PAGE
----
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Revealed: China to set up security agencies in Hong Kong


China on Friday declared draft enactment that will make ready for it to set up national security institutions in Hong Kong following monthslong social agitation, probably the starkest move yet to apply its power over the semi-autonomous region.

Beijing said it is important to get control over the ascent of remote impedance in Hong Kong, as a year ago’s shows drew wide universal consideration and incited the U.S. to pass a demonstration to ensure the city’s vote based system and human rights.

But Beijing insists that the proposed legislation will not compromise the framework of “one country, two systems,” under which Hong Kong enjoys a degree of autonomy that sets it apart from mainland cities.

“When needed, relevant national security organs of the central people’s government will set up agencies in [Hong Kong] to fulfill relevant duties to safeguard national security in accordance with the law,” Wang Chen, vice chairman of the standing committee of the National People’s Congress, China’s top decision-making body, said in explaining the proposed bill to roughly 3,000 delegates at the Great Hall of the People in Beijing.

Wang said there are “apparent shortcomings” in Hong Kong’s current legal system, and a previous proposal to enact a national security law, known as Article 23, is facing “risk of being delayed for a long period of time.”

“[The lack of a national security law] has led to increasingly intense activities in Hong Kong that jeopardize the security of the country,” Wang said, as he highlighted anti-government protests last year that saw violent clashes between demonstrators and police.

The proposed Chinese law announced on Friday is seen as a replacement for Article 23, which prohibits acts of “treason, secession, sedition, or subversion.” The Hong Kong government was forced to suspend the legislation after an estimated half a million people protested against it in 2003.

“Article 23 has been demonized by a group of people with ulterior motives in Hong Kong since its defeat in 2003, and it is difficult to complete the legislative procedure given the current situation,” Wang said. He said the “new problems and challenges” has prompted Beijing to push the legislation from a state level instead of relying on Hong Kong to enact its own national security law.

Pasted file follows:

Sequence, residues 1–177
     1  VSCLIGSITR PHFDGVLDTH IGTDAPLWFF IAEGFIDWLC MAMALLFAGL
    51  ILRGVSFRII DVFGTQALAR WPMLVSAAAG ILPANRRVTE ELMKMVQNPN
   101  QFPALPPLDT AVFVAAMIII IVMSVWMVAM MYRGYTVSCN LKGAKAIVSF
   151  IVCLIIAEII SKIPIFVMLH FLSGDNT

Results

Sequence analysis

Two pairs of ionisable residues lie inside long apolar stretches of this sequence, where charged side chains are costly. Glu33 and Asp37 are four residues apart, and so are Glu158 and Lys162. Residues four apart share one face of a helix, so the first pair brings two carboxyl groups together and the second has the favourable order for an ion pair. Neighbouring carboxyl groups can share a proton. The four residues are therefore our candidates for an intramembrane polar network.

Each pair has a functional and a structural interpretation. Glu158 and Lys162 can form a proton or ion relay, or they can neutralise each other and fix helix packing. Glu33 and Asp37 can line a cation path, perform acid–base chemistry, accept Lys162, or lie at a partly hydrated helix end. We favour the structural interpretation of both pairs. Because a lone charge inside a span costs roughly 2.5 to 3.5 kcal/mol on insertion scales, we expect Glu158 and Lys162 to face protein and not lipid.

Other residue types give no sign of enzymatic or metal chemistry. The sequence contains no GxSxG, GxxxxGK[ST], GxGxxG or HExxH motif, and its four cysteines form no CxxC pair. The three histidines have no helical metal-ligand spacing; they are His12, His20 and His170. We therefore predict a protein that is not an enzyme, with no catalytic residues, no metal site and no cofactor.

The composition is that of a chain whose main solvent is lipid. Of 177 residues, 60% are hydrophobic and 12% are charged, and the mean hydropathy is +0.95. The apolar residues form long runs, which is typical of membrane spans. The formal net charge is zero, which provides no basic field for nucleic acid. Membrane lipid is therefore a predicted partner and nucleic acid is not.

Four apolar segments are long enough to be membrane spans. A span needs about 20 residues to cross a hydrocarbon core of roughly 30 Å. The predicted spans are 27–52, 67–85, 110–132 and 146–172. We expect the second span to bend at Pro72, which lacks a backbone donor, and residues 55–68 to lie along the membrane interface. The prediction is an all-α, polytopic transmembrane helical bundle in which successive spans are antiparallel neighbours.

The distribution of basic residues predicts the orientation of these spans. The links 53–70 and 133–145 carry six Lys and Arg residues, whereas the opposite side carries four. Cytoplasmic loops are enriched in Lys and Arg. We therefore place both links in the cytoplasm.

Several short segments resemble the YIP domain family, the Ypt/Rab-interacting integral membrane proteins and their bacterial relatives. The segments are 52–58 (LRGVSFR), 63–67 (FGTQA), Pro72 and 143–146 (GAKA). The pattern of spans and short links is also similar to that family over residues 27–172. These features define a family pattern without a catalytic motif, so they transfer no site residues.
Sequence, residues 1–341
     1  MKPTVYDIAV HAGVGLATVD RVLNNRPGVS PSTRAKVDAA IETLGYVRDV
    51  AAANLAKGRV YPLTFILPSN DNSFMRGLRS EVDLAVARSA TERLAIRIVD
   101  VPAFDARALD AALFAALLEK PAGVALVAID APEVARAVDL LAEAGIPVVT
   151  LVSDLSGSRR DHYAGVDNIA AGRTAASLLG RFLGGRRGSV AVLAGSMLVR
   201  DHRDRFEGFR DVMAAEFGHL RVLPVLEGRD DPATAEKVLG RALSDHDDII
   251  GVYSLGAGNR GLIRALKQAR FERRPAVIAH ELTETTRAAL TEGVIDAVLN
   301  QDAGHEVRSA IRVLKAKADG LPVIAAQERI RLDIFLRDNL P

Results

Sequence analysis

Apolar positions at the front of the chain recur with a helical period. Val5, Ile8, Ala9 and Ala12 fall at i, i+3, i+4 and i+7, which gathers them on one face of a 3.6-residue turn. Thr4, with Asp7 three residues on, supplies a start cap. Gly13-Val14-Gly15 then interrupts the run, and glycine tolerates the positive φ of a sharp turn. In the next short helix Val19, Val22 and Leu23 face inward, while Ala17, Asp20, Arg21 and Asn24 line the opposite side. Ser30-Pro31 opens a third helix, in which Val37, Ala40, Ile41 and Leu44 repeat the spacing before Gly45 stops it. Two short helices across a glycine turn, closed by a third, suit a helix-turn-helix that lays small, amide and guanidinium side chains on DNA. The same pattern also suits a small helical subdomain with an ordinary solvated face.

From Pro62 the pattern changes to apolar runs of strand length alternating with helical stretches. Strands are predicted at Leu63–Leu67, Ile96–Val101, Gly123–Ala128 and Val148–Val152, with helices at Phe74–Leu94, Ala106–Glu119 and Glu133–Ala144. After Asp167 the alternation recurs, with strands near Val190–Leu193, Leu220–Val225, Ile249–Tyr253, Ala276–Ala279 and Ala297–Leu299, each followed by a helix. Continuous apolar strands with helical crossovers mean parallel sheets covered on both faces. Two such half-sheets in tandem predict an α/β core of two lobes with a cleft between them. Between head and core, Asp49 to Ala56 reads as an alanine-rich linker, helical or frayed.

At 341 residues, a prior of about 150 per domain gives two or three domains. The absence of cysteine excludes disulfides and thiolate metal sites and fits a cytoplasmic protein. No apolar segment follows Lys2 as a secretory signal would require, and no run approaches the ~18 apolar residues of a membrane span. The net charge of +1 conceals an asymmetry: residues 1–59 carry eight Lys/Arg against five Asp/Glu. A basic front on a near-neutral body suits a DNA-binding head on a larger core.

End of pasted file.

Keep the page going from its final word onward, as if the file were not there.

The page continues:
The proposed legislation will be included in an annex of the Basic Law, the city’s mini-constitution, and bypass the city’s legislature, where meetings are often interrupted by filibustering initiated by pro-democracy lawmakers. Yet such power has not been employed since Hong Kong returned to Chinese rule in 1997.

Hong Kong stocks tumbled on the news of the proposed legislation, with the benchmark Hang Seng Index skidding more than 5% in afternoon trading.

“The security law means the central government in Beijing has taken a more hands-on approach to day-to-day governance in Hong Kong,” said Ross Darrell Feingold, a director at global travel security consultancy SafePro Group. “It is clear that regulators in Beijing will manage Hong Kong with a much tighter hand than what they would have had in the past.”

Feingold attributed the introduction of the proposed law to the widespread demonstrations that began last June, as well as the fact that pro-Beijing politicians lost ground in November’s elections for Hong Kong’s district councils.

“There are a lot of unknowns about what will happen with the upcoming Hong Kong Legislative Council election,” he said, referring to September’s vote.

“We should expect more people taking to the street or internet activities” as a result of the new security law, he said. “In general, [there will be]a lot more tensions between the public and the Hong Kong government as well as the central government.”


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